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Lettuce grown on campus to be served at dining centers

Housing and Dining Services will serve food grown on campus for the first time at the University Fall Picnic Wednesday.

The lettuce on the sandwiches to be served at the picnic are the first product to be grown entirely on the CSU campus by the department of Horticulture and Landscape Architecture.


Lettuce grown entirely on campus will be served at Corbett/Parmelee dining center salad bars beginning in October.

Royce Lahman, the meal access coordinator for Housing and Dining Services, said this farm-to-table initiative has been in the works since the last spring semester, but the idea was born when he was a freshman student at CSU working with Dr. Steven Newman, a floriculture, greenhouse crops and stress physiology professor.

“Royce has a bachelor of science degree in horticulture and I was his advisor,” Newman wrote in an email to the Collegian. “This was always a dream that he had while he was a student … It has been his passion that has driven this project.”

Dr. Tony Frank’s presidential address will be the first test of the program, and Lahman said he hopes to expand the initiative to the rest of campus.

“This will be our debut of University-grown lettuce,” Lahman said. “(The initiative) is going to expand and develop to other locations and events as well.”

The gardens will be able to grow about 25 pounds of lettuce weekly, which Newman says will provide the basics for a salad bar, but is only a fraction of what the dining halls need. However, during the summer months, an outdoor student garden will be able to offer more products as the program grows.

Lahman said the new Horticulture center, which was completed in May 2015, helped make their dream a reality.

“(This allowed us) to see if we could have local and sustainable food options grown on campus,” Lahman said.

While lettuce is the first product to be entirely grown and served on campus, the initiative may expand to other products in the future.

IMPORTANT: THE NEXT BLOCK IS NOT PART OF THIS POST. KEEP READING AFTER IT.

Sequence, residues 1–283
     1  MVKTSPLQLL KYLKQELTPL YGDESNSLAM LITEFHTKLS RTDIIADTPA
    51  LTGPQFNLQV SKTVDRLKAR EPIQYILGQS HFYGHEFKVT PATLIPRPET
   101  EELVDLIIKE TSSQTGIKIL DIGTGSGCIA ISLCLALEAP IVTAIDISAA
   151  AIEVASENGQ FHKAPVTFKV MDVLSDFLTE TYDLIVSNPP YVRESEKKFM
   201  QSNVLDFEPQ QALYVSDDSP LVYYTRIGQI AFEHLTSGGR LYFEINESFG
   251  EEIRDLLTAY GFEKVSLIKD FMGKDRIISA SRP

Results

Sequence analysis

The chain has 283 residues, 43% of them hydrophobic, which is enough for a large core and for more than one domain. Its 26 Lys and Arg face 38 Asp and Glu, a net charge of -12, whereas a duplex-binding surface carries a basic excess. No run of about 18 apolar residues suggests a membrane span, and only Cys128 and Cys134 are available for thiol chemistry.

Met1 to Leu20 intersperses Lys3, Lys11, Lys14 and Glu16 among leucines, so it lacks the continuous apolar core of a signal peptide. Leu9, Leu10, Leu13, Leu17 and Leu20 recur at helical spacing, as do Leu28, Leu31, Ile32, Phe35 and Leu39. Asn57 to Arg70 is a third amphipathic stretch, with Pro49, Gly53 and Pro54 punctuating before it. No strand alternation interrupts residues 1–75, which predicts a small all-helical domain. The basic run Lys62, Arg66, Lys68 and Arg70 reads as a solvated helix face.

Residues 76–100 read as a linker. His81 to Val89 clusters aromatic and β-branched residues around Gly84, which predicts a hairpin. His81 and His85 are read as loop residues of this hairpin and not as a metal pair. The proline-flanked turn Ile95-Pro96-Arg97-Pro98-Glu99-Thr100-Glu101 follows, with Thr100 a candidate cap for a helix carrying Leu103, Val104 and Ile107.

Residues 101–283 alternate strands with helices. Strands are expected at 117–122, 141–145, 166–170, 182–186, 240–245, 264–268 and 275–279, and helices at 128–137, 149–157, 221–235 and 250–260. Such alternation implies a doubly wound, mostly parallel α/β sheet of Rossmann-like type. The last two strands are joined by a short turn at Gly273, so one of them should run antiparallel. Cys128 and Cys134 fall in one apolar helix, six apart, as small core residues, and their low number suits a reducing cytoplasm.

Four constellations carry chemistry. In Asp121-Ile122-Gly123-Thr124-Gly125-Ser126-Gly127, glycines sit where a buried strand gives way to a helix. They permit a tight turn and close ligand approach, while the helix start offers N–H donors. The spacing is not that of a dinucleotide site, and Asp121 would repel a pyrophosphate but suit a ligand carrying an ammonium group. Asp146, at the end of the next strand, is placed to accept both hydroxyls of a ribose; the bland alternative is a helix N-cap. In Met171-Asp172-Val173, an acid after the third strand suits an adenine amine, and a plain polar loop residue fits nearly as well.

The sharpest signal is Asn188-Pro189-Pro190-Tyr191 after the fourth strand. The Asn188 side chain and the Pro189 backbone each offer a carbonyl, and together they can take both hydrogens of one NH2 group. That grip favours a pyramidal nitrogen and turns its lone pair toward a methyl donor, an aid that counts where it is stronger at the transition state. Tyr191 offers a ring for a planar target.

“We are hopeful that this continues… to offer other items in select areas,” Lehman said. “We’ve been thinking about going to a soft fruit crop, like tomatoes. The farm-to-table trend is growing across the nation, and we want to bring that to campus.”

Newman wrote that lettuce was specifically chosen because horticulture students will be able to work with the crop from seed to harvest.

“Lettuce is a good crop for students to learn vegetable production in the greenhouse,” Newman wrote. “A typical (lettuce) crop takes about 50 days from sowing the seed to harvest the crop. This way a student can see a crop from start to finish during one semester.”

The initiative is also in line with the University’s commitment to sustainability, Lehman said.

“We want to be as sustainable as possible and drive our students to sustainable food,” Lehman said. “Our link to sustainable food buying options not only benefits the environment, it benefits students to see that those options are out there.”

While Newman says the program can only grow a fraction of what the dining halls need, the project will be a learning opportunity for students consuming and producing the crops.

“The bonus is that our students are the customer,” Newman wrote. “What we are teaching our students is how to grow vegetable crops efficiently and professionally. The modern consumer wants to know where their food comes from and that it is produced with sustainable practices.”

Consumers want more farm-to-table crops, but right now, most of the produce sold in the U.S. is shipped from regions with milder climates, Newman wrote. One of the goals of the project is to teach students how to grow crops closer to consumers.

“Dr. Newman and I have always had this awesome idea to provide farm-to-table food (on campus), Lahman said. “It was really a dream of both of us to connect those two worlds (of horticulture and dining) for collaboration.”

Collegian News Editor Erin Douglas can be reached at or on twitter @erinmdouglas23.

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